From depression rates to sobering figures for heart attacks, strokes and suicides, the statistics surrounding Japan’s strained workforce may indeed be alarming. But the stories behind those numbers are downright harrowing.
A new documentary is focusing on the faces of those contending with Japan’s most troubling economic trends. “Japan’s Disposable Workers,” a collaboration between Japanese photographer Shiho Fukada’s two organizations, The Pulitzer Center on Crisis Reporting and MediaStorm, is a trilogy of sorts. Its first segment is dubbed “Overworked to Suicide.” A synopsis on the documentary’s website describes this chapter of the film as depicting the period “After the recession of the 1990s, (when) Japan’s white collar salarymen increasingly must work arduous hours for fear of losing their jobs. This often leads to depression and suicide.”
The documentary not only covers these workplace issues, but also the greater community problems that stem from Japan’s economic turmoil. Another segment, titled “Net Cafe Refugees,” zeroes in on the part-time workers who have resorted to living in public access centers due to their low wages. This chapter was the most moving for Brian Storm, founder of MediaStorm and Executive Producer of the project, who says: “The thing that really got me was the visceral sense of living inside of basically a closet [sic] at the net cafe. It really made me feel claustrophobic. The indignity of it, and then the isolation. I tried to capture that by showing the time sped up and the time slowed down. You’re always in this same location and it’s almost like this dream state of having to always be in that one little room without escape. I really wanted to capture that in a way that felt emotional and in a way that felt like you were experiencing it as well.”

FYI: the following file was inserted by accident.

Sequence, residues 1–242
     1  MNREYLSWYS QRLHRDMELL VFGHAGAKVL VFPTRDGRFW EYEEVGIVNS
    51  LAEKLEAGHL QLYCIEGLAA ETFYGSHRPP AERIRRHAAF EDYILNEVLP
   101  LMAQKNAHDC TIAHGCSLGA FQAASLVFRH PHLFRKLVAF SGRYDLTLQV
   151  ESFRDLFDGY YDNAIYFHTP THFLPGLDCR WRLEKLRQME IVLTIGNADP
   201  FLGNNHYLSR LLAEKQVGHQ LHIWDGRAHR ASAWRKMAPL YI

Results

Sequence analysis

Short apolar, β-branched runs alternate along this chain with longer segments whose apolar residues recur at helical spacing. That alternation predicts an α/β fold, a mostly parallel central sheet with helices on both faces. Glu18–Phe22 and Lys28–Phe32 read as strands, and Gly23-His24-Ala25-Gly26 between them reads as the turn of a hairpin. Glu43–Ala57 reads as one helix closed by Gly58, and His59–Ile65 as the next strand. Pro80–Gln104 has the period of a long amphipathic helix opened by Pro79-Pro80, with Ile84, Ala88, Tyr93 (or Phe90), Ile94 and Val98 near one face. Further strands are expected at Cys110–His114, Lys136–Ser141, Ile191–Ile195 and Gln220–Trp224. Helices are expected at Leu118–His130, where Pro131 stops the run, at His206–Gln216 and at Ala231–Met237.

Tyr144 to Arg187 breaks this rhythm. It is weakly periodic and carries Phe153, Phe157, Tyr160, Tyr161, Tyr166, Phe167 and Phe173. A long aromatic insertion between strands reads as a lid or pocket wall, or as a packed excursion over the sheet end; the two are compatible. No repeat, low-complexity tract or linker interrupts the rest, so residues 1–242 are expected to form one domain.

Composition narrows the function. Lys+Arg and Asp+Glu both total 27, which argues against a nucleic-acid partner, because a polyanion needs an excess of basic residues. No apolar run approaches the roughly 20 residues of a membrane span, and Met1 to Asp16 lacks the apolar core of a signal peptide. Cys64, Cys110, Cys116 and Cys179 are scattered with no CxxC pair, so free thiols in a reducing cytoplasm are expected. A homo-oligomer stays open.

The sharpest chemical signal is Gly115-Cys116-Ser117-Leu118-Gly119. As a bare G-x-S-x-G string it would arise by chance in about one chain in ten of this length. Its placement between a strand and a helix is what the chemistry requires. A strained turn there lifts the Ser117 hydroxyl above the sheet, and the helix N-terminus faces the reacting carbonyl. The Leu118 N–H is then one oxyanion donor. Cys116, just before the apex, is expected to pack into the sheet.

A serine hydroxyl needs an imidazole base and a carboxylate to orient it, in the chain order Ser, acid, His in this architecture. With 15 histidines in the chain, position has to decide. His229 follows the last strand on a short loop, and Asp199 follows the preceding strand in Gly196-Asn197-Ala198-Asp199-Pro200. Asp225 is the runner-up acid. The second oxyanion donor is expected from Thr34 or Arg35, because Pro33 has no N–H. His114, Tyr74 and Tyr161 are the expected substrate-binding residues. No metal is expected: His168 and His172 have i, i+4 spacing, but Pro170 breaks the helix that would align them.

Homelessness is also a key theme in the final segment, “Dumping Ground.” It tracks the decline of Kamagasaki, a formerly thriving day laborers’ town near Osaka that hosts 25,000 unemployed elderly men.
Together, these three chapters reveal an intimate glimpse into Japan’s suffering workforce. The message is made palpable by Fukada’s photos, which she had taken for an earlier portrait series. When she, MediaStorm, and The Pulitzer Center first broached the idea of turning the portrait series into a documentary, the two organizations were quite eager to begin the project. However, challenges abounded, mainly because no one at Pulitzer or MediaStorm could speak Japanese, leaving their teams struggling to determine how they would match the hours of audio interviews that Fukada had conducted with the photographer’s visuals, in order to create an immersive film experience. MediaStorm’s website says that Fukada labored intensively over this problem. Storm says those efforts payed dividends, resulting in a documentary that finds “the human element of the story, that thing that other people can relate to. This series is obviously a story about the absolute extreme edge of the work ethic associated with Japanese workers and the horrific ramifications of it. But you also see them as people. It’s not a number, it’s not a statistic.”